Things might get a little bit catholic and weird as I move between my early memories of “church” the words of the liturgy as I was taught them and my current understanding/s of theology. If anyone is reading from a different tradition I guess you can have a sort of ethnographer’s view (or skip bits). I know there have been some minor changes to wording since I was a regular at mass. I don;t know them in details but as far as I know the few inclusive changes our progressive bishop brought in, in the 80s or 90s were removed and the changes that were made in no way made the mass less exclusive, or remediated the problems I had growing up…so I will speak of the old words and if I am wrong on some of the details someone can tell me if they really want to but it won’t make much difference I am sure.

I was going to start at the very beginning, with the greeting but when I opened the missal the first thing I saw was the “preparation for mass” prayers and I remembered that we got to church about half an hour or more early because my brothers were altar servers and this was really important (after spending all saturday following them to their sport and being on the sidelines there, I got to come to church and sit on the sidelines). But this was meant to be a wonderful opportunity for me to engage in contemplative prayer (at the age of about 7 or so) and I was encouraged to read over the readings of the mass that was coming- I never got out of this habit actually as this blog attests) and think about what they mean, and what they mean for ME and also read over the 3 pages (4 if you count the illustration that was also dense with words) of my missal that were prayers for preparing for mass. There were bible verses (John 6:51; 1 Cor 11:23-26,28; 1 Cor 10:1; Rom 12:1) and there were prayers by some of the “church Fathers”- St Thomas Aquinas, St Ambrose, and The Apostolic Constitutions from the 4th century.

It was heavy and hard going for a little girl but I struggled on because it seemed the right thing to do and I really did think I “loved God” and I was terrified I would have to be a martyr when I grew up like all the ones in the stories so I was willing to just read heavy stuff instead of that!

And really, if they want boys to grow up wanting to be priests, they should let the girls go out the back and miss half the mass “serving” and having a great time with their mates like my brothers did and make the boys read the heavy stuff and sit there with nothing to do but think about it. It’s all written by important leader types who think they are the last word in priesthood (that is how the prayers come across) so I was being encouraged to pray in a way as if I was actually making the whole mass happen by invoking the Holy Spirit to come in and “declare this bread that we shall eat to be the body of Christ”.

There was also a lot of very unhealthy bragging about how unworthy “I” was and unclean and fully dependant on God to make “me” worthy and clean. Rereading it in middle-age I still struggle with the heaviness of the language and ideas. I feel burdened again by the self-hate I felt as  child. And yet then there is a lovely black and white print of some wheat growing and some vines and sun and birds and the words on the print are “The love of Christ has drawn us here together” and goes on to ask that we “exult” and find “joy” and gather ourselves together and become one from all the corners of the earth.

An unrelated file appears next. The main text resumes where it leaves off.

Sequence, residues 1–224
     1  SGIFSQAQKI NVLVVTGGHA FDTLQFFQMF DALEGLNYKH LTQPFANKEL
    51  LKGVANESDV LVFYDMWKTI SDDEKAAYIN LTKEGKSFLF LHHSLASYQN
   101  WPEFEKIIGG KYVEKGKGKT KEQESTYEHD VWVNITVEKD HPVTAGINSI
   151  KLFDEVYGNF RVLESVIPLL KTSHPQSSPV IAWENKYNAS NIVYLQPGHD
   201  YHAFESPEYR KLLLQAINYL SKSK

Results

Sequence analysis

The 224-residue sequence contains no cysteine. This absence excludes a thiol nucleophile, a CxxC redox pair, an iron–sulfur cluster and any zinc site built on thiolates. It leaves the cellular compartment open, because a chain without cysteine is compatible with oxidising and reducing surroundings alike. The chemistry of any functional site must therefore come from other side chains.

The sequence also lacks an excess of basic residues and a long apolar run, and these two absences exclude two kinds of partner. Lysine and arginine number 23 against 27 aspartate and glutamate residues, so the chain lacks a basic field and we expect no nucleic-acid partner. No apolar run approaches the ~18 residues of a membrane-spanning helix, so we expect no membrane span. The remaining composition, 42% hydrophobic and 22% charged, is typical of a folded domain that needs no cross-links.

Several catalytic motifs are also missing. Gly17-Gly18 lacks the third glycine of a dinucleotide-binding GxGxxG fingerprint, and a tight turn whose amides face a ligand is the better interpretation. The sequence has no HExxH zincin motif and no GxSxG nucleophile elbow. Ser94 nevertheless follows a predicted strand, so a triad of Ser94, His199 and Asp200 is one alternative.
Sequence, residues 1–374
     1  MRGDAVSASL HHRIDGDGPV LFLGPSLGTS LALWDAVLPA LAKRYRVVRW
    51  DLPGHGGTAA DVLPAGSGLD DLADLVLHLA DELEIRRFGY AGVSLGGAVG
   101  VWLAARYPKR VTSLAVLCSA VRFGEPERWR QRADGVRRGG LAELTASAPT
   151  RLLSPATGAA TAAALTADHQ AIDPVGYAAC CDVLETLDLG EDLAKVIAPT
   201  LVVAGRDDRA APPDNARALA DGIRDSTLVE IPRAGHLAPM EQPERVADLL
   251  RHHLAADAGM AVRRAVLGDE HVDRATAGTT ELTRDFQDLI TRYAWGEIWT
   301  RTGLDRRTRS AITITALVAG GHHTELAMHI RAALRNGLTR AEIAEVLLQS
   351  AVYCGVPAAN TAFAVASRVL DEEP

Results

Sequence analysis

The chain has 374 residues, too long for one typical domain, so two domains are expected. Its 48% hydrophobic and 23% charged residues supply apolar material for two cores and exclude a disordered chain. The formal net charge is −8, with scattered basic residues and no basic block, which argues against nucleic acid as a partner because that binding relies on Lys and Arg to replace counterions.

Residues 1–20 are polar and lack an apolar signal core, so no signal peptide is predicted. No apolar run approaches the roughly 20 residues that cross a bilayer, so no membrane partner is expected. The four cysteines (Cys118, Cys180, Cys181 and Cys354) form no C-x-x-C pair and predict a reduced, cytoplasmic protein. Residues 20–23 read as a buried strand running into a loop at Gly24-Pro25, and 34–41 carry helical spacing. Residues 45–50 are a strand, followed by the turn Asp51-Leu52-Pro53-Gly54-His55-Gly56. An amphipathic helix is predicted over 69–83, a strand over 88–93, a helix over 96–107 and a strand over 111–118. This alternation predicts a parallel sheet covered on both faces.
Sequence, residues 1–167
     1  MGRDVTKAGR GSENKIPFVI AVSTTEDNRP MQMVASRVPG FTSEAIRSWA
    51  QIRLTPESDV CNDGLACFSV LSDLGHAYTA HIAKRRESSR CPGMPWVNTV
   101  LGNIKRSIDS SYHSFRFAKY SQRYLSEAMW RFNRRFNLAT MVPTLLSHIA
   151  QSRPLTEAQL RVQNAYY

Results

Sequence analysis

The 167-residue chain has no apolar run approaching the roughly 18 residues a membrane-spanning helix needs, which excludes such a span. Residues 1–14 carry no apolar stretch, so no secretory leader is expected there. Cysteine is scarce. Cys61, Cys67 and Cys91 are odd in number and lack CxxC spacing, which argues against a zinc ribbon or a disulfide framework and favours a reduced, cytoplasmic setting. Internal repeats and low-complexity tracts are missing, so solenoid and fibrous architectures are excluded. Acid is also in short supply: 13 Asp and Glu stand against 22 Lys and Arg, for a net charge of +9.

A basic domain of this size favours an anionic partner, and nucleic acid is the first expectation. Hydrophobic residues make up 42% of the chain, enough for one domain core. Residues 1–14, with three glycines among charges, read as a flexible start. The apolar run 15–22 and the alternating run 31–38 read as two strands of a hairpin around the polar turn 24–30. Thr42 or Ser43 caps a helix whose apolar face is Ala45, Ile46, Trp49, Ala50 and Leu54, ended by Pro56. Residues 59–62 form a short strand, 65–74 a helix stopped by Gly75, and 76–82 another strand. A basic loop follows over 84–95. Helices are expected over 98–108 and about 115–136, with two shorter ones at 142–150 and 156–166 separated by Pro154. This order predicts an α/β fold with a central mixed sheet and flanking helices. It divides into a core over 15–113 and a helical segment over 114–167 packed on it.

I may have changed what I (with my post-structuralist little mind and liking of diversity) mean as “one”; but then I can return at the beginning of “mass” “church” “eucharist” “the service” “prayers” to refocus myself on the joy and relief that I had finished the long and patriarchal prayers and had reached the wheat, vines, sun and birds. Nature. Food. Life. Joy and exultation. Difference and coming together.

I want to do some more serious and careful prayer writing or liturgy writing this year. Maybe I can start there. Maybe back to where the reflection started with John’s Jesus proudly proclaiming that he has come to be “bread” for “life”., through all the unworthiness into the fresh air and the fields where we grow bread and share it with wildlife.

Today I shared felafel with some excellent friends who support me when I am hurting and poor and who today needed a felafel and someone to laugh with. I shared a dance in front of an audience with a group of people I had felt estranged from. I walked down a crowded street where African people generously shared their culture with us. I made plans for the birthday of one son and an outing for another son. I also washed dishes, emptied kitty litter, hung out clothes. Joy was everywhere. Bread/felafel was broken. It was a day of life for my blessedly work-tired body at the end of the week.

Your kindom come.

The law? Integrity, liberation and who we really are.

I shred this reflection at church today based on these readings. It may have been too long but it represents about to weeks of agonisingly trying to reduce my complicated thoughts on this to a manageable size (and then trust others to fill in the blanks as well or better than I could).


What does it mean that the Spirit scrutinises even the depths of God?


I came to these readings with a feeling of suspicion toward their legalistic tone: long gone are the days when I could view any text as innocent. Everything that is written serves someone’s interests. I’ll leave aside the question of whose interests scripture might serve as that is a big question and one we probably wouldn’t all agree on, but the lectionary also is a text- the juxtaposition of particular readings is not inevitable and has helped to build the histories of interpretation that we are born and brought up in.